Like great electronic album artists before him such as the Chemical Brothers, Future Sound of London, and Underworld, Daniel Avery has crafted a coherent, confident and ambitious album. And like the best work of those bands, his Drone Logic (out this week) defies easy categorization because it incorporates influences from outside the club (gasp!) in this case, shoegaze and, as the album’s title foreshadows, drone. For every sonically combative number (“Naive Response”) there’s a dreamy bliss-out (“New Energy [Live Through It]”) to match. For every film ready score (“Platform Zero”) there is a warehouse epic (“These Nights Never End”).
A string of stellar remixes for other people (Primal Scream, The Horrors, The Asphodells) and other remixes from stellar people (Andrew Weatherall, Paul Woolford, Factory Floor’s Gabe Guernsey), a UK club night (Movement), a radio residency (RinseFM), a long-standing collaboration (with Justin Robertson), and a recent Beats in Space, it’s been one hell of a ‘journey’ for Daniel Avery. We sat down with him here in New York to learn just how unexpected a journey it’s been.
See also: Top 12″s of ’12: Last Looks, People
Do you notice a difference in America, playing for a crowd that likely has never seen you versus playing at home in the UK?
It was a really nice thing the first time I played in Brooklyn to have people who’d traveled down from Boston. It was the strongest sense of excitement I’d ever felt before as it was the first time they could have seen me. I was really happy with that reaction.
How are you enjoying your Rinse FM residency?
Good. I’m really happy to have a radio show. Radio was a big deal for me growing up. I always liked Rinse and it’s only expanding now. Optimo have a show, Horse Meat Disco have a show. It seems like an exciting time there and I’m very glad to be a part of it.
What do you like about collaborating so much?
I always work with an engineer, at least. We both do stuff, but having someone who has the technical know-how of the way every machine works helps. I like using analog machines and that always makes it much faster for me. It’s useful to see a reaction from a real person in the room too. In dance music, if something is good and it hits you both immediately, which the best dance music does, then you know you’re onto something. Multiply that by 500 people in the room and you should see the results.
You’ve done a lot of records with what I would consider the best-dressed DJ, Justin Robertson. What do you like about being in the studio with him outside of possibly gaining some fashion tips?
We share loads of interests, even outside of music. I think we knew from the second we met that we would get on. He’s one of those people that I’ve really looked up to for a long time. He’s a legend. Literally a legend in that world.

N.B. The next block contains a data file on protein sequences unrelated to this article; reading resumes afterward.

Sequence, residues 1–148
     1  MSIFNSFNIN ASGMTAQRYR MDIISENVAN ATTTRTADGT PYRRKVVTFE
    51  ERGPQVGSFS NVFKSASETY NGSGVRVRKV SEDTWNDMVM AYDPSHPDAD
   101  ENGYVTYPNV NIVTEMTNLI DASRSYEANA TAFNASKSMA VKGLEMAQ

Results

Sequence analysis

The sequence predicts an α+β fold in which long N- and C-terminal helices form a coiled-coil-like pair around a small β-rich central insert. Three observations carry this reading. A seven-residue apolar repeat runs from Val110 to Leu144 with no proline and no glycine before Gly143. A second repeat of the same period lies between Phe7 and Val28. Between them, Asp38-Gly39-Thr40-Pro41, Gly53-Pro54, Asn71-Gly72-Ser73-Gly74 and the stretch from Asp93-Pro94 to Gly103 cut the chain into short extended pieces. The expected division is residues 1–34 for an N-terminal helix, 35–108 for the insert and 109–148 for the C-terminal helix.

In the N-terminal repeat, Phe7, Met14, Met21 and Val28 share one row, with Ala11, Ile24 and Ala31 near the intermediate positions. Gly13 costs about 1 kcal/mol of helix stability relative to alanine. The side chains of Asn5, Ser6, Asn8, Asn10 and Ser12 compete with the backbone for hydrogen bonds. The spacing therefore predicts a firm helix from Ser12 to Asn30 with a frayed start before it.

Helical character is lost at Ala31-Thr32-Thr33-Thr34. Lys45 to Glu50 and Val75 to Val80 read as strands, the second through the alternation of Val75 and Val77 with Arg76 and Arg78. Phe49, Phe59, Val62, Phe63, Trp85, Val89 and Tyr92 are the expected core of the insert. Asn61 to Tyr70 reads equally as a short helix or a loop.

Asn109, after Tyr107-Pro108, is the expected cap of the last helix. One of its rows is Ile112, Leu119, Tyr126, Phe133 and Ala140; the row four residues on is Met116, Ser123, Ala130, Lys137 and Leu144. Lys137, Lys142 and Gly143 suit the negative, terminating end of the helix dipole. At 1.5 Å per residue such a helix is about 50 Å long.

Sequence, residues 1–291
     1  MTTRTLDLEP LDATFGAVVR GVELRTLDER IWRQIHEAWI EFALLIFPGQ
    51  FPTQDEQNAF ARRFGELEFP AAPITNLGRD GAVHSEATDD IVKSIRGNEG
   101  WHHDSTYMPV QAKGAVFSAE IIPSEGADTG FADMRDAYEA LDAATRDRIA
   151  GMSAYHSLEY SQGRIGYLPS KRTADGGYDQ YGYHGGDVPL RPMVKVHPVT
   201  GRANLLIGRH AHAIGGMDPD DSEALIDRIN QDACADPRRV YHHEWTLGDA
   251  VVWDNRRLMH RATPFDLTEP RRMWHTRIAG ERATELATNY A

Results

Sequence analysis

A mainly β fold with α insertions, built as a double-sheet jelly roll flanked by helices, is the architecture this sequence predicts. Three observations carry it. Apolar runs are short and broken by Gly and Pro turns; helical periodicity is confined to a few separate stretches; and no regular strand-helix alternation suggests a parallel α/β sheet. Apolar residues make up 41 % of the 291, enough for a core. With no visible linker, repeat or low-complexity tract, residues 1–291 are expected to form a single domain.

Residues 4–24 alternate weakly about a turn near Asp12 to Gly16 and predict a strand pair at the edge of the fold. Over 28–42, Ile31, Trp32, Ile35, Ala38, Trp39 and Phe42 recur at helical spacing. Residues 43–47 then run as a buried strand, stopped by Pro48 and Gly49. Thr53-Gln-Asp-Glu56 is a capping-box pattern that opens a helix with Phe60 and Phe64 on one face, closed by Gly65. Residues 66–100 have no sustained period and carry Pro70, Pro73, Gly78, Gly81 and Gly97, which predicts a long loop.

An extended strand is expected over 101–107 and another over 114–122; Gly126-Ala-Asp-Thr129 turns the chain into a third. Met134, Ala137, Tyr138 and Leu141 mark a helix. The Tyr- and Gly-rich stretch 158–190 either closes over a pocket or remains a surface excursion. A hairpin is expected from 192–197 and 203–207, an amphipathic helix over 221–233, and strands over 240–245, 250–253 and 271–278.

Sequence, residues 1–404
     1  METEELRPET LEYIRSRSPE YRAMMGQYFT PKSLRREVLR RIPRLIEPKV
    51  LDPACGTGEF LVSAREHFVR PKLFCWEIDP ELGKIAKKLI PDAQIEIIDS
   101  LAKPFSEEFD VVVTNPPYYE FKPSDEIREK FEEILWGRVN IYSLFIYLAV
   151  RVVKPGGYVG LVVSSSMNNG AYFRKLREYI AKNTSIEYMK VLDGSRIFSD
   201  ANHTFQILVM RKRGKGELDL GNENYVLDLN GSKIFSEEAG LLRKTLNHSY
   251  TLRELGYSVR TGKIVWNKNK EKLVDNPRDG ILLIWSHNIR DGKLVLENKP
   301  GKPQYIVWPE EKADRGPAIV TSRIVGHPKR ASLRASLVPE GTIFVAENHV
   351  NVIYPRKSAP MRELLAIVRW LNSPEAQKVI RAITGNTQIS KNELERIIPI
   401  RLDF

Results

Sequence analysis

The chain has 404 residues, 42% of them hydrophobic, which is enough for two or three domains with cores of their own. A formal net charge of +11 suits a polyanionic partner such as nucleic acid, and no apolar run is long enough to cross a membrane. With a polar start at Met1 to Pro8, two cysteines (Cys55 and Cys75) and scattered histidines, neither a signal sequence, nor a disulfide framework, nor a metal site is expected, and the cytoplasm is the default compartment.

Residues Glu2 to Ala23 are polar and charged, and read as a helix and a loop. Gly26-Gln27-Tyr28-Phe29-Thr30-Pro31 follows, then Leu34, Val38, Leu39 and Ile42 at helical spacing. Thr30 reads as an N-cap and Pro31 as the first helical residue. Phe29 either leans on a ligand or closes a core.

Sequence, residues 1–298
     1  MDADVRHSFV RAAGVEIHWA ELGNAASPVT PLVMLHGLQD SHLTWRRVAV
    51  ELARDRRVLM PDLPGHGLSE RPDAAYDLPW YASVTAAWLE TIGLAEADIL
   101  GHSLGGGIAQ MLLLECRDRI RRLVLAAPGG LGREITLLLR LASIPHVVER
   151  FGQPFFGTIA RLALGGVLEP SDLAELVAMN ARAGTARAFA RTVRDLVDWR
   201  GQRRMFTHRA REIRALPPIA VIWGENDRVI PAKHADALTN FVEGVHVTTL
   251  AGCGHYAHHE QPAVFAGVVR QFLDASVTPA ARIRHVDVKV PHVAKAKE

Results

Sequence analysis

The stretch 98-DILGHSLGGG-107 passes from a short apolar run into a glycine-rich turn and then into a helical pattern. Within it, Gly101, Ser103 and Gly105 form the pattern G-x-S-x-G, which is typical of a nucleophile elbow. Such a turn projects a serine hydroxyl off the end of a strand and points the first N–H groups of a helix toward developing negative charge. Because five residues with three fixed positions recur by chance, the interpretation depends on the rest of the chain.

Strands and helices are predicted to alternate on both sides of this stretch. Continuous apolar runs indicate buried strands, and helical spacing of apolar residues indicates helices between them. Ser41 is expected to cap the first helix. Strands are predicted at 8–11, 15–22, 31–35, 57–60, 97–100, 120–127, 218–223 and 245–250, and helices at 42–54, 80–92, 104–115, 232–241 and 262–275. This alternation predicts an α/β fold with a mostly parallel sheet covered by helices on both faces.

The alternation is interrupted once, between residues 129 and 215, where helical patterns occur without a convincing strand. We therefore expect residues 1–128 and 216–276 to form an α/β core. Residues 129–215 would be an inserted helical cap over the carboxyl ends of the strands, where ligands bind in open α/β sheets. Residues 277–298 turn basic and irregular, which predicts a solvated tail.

What interests would you say you have in common? Ascots?
It’s such an interesting time for dance music and I think we both share the way in which we view it. It’s funny that we’re doing this interview here in America because clearly after all these years you guys have finally gone “Oh yeah, we like this now!” despite inventing it.
Inventing it and tossing it away.
This whole EDM thing is only going get bigger and bigger and is obviously infiltrating the world. But I think what’s interesting now is how the underground is going to react to it.
It’s exactly like the early ’90s when “electronica” became an industry buzzword, but didn’t have much to do with actual house music of the time. Or the way Nirvana’s Nevermind knocked Michael Jackson’s Dangerous out of the top spot on Billboard around the same time.
Yeah that huge monster of EDM really bears no resemblance to what most people I know do. The same way Ratt or Poison didn’t bear any resemblance to Nirvana. As soon as you see a band–and I think there’s going to be a few of these emerging again–where a guy walks onstage with a keytar, I’m like, “Nah, see you later. I’m out. Nothing good is going to come of this.”
I know you’re a big film fan; would you ever be interested in doing a film soundtrack? What are some of your favorite films or genres?
Definitely. I would love to do something like that. I studied film at university. I really love that whole French New Wave style of doing things. In fact one of the big reference points of this whole album is Lost in Translation. It really resonates with me. There’s a certain atmosphere and a feeling to it that’s beautifully confirmed by Kevin Shields’ soundtrack.